Governor speaks about executions and a possible White House run

Texas Governor Rick Perry spoke out about the botched execution of an Oklahoma inmate and also hints at a White House run in 2016.

The governor said, "something went terribly wrong" during the execution, but declined to call it inhumane. Speaking on "Meet the Press" Sunday, Perry said he thought it was appropriate for Oklahoma Governor Mary Fallin to delay an upcoming execution as state officials investigate what went wrong in the Tuesday execution of Clayton Lockett, who appeared to writhe in pain until dying of a heart attack. Perry said he's confident in Texas' ability to carry out executions properly and still supports the death penalty.

"In Texas for substantially long period of time, our citizens have decided that if you kill our children, if you kill our police officers, for those very heinous crimes, that the appropriate punishment is the death penalty. I think we have an appropriate process in place from the standpoint of the appeals process to make sure that due process is addressed and the process of the actual execution I will suggest to you is very different from Oklahoma. We only use one drug, but I'm confident that the way that the executions are taken care of in the State of Texas are appropriate," said Perry.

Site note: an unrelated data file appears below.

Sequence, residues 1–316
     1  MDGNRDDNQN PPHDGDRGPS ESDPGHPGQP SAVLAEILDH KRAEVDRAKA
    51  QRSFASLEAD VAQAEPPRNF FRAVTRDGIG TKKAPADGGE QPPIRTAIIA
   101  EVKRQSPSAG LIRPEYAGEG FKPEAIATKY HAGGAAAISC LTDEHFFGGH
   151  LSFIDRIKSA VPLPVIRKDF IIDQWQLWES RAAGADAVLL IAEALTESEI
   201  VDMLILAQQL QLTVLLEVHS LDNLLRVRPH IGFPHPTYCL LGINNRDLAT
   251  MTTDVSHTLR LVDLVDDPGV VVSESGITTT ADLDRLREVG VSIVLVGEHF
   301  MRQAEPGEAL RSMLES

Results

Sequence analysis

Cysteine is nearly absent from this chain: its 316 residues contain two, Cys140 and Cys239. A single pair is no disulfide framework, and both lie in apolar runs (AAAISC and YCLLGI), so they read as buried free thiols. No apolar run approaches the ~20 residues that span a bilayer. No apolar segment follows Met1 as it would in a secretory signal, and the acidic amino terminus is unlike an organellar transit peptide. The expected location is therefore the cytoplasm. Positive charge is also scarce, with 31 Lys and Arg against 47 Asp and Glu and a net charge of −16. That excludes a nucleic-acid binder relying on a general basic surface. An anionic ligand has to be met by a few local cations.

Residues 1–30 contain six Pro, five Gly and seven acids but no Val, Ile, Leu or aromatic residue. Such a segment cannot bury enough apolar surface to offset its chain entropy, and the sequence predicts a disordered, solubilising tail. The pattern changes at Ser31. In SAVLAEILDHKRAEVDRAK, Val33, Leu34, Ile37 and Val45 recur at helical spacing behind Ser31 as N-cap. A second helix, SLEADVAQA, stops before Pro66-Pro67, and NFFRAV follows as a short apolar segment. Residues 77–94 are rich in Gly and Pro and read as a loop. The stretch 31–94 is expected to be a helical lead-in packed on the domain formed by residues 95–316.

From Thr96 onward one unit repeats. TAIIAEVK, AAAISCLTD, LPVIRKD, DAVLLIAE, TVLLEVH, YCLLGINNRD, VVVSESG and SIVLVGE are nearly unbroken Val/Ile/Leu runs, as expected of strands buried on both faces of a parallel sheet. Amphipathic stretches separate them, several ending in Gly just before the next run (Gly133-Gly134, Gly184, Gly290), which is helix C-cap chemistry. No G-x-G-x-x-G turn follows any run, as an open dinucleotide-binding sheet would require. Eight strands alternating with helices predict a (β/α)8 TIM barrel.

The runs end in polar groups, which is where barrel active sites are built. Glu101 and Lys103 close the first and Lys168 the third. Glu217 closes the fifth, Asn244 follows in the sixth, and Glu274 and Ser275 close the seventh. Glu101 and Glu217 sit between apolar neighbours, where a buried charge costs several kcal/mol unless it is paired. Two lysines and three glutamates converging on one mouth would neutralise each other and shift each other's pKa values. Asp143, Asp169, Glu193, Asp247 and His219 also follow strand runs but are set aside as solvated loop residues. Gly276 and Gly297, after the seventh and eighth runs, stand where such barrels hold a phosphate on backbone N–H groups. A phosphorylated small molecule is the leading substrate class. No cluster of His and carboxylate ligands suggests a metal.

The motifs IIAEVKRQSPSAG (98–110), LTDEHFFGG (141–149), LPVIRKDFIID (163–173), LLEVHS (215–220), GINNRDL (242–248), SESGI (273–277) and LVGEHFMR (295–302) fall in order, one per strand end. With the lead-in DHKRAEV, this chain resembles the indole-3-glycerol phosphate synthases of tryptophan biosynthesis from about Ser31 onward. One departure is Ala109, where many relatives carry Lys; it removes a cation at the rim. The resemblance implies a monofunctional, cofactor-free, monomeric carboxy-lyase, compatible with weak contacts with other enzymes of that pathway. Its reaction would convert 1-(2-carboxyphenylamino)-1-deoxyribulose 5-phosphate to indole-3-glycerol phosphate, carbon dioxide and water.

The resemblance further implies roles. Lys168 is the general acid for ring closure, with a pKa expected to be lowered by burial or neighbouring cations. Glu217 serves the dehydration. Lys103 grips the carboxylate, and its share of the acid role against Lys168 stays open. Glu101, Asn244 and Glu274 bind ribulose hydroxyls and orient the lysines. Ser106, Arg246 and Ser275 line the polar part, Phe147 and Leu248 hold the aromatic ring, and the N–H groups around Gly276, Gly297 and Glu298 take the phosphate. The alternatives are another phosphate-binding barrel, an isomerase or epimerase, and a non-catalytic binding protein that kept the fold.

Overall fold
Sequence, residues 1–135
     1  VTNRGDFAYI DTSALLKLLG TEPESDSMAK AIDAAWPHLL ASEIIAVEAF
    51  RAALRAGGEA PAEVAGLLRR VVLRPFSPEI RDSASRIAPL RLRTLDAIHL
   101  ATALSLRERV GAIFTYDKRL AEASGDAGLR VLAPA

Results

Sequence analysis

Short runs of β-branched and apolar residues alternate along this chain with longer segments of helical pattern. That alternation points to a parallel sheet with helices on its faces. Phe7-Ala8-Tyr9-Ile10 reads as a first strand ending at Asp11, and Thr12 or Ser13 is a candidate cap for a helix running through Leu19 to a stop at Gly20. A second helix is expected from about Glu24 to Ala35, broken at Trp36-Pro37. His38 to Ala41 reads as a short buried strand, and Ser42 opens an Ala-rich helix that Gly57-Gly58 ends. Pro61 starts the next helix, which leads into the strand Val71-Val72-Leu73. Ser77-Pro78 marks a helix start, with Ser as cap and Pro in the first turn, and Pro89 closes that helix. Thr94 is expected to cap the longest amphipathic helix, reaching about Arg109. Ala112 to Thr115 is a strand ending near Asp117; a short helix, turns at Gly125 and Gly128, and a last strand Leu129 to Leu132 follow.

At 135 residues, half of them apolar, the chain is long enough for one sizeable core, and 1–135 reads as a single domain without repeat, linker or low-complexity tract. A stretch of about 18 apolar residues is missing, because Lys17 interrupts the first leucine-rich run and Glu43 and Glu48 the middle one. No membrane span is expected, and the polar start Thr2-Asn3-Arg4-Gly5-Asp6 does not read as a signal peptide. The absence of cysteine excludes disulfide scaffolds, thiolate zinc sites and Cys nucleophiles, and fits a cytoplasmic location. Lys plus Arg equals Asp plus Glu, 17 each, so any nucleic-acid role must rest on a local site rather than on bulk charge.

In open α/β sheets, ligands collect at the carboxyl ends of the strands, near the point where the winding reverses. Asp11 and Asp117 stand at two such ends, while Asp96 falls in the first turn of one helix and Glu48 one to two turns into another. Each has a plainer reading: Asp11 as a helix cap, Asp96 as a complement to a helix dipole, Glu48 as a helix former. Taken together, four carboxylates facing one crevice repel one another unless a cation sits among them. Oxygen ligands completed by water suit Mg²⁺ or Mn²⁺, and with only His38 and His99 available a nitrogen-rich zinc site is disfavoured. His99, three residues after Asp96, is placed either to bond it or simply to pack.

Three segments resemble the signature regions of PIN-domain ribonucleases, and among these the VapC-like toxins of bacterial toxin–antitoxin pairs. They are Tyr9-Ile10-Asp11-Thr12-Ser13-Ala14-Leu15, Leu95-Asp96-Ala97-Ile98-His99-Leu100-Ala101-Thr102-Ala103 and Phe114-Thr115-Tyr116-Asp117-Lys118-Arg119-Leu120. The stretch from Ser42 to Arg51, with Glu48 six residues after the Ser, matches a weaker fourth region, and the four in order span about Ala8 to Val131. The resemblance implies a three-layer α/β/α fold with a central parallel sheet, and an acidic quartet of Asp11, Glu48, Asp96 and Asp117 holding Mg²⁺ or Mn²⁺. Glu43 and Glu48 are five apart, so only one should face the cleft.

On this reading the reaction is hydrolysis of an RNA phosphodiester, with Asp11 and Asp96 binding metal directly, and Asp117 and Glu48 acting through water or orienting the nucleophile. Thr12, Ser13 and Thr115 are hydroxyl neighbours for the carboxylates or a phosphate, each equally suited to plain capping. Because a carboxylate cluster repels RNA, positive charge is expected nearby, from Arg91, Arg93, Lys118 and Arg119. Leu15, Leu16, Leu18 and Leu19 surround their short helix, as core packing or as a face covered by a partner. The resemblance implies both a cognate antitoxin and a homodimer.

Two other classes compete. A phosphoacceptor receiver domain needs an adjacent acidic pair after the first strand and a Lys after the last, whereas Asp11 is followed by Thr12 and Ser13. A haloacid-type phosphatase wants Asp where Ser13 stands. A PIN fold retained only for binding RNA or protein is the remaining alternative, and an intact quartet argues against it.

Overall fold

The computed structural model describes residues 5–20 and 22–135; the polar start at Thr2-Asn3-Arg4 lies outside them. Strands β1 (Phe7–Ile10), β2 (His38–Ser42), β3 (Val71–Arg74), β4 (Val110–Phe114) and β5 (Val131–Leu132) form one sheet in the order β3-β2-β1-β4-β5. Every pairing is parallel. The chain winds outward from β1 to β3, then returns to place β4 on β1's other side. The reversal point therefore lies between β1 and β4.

He added that each state should decide for itself whether to have executions. The botched execution got worldwide attention and has driven calls for new legal challenges.

Meantime, the governor also left it open for a possible run for the White House in 2016.

"I think America is a place that believes in second chances. I think that we see more character out of an individual by how do you perform after you fail and you go forward? So I'm really focused on the next nine months of being governor of the State of Texas," said Perry.

You'll recall, Perry's 2012 campaign was infamous for several verbal gaffes.